MULTIDIMENSIONAL POVERTY IN HO CHI MINH CITY

Abstract

Rapid urbanization took off as a global megatrend at the beginning of the twenty-first century. In 2018, according to the United Nations, 55 per cent of the world’s population lived in urban areas, a proportion that is expected to move up to 68 per cent by 2050, adding a gigantic 2.5 billion people to the global urban population. This trend has been happening in major cities in Viet Nam, especially Hanoi and Ho Chi Minh City. Ho Chi Minh City-the biggest city in the country-is still experiencing strong population growth and faces many challenges that have come along with its economic development. Despite high economic growth with a multitude of opportunities to overcome poverty, some parts of the population remain left behind. Many of them are migrants living in degrading living environments. These people face many obstacles in accessing social services, such as education and health care, due to many institutional barriers, such as lack of permanent residence status in the city.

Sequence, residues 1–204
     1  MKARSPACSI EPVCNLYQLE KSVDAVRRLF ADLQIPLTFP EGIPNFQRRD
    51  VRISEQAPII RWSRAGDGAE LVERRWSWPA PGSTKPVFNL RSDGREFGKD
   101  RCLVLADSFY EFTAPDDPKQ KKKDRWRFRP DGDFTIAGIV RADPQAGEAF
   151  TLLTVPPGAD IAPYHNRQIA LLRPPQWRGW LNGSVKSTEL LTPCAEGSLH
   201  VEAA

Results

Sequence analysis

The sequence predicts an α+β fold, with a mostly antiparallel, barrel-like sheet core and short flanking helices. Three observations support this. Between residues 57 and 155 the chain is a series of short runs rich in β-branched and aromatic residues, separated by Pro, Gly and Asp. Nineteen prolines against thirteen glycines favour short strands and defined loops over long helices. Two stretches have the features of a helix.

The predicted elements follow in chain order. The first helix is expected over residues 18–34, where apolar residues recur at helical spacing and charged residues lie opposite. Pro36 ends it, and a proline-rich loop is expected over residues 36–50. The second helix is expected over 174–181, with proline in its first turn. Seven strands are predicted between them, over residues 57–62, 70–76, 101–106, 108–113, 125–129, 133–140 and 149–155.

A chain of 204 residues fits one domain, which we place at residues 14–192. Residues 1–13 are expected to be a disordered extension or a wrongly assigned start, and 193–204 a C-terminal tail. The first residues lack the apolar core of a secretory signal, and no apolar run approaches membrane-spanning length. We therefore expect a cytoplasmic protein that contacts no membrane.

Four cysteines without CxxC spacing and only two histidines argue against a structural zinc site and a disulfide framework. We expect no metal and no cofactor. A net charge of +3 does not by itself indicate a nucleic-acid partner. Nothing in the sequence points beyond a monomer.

Since 2016, poverty in Viet Nam has been defined and measured in multidimensional terms, which include living conditions, health care, housing and education. This assessment generated a more comprehensive picture of poverty in the country. Based on the multidimensional criteria, the research looked at the living conditions of the urban poor in the central and peri-urban districts of Ho Chi Minh City and analysed relevant policies regarding assessed indicators to suggest alternative solutions towards improving living conditions and accessibility to social services for urban poor households. The survey findings hopefully will be of interest to policy-makers and governmental officials on national and local levels, urban planners, researchers, civil society organizations, international NGOs as well as interested citizens.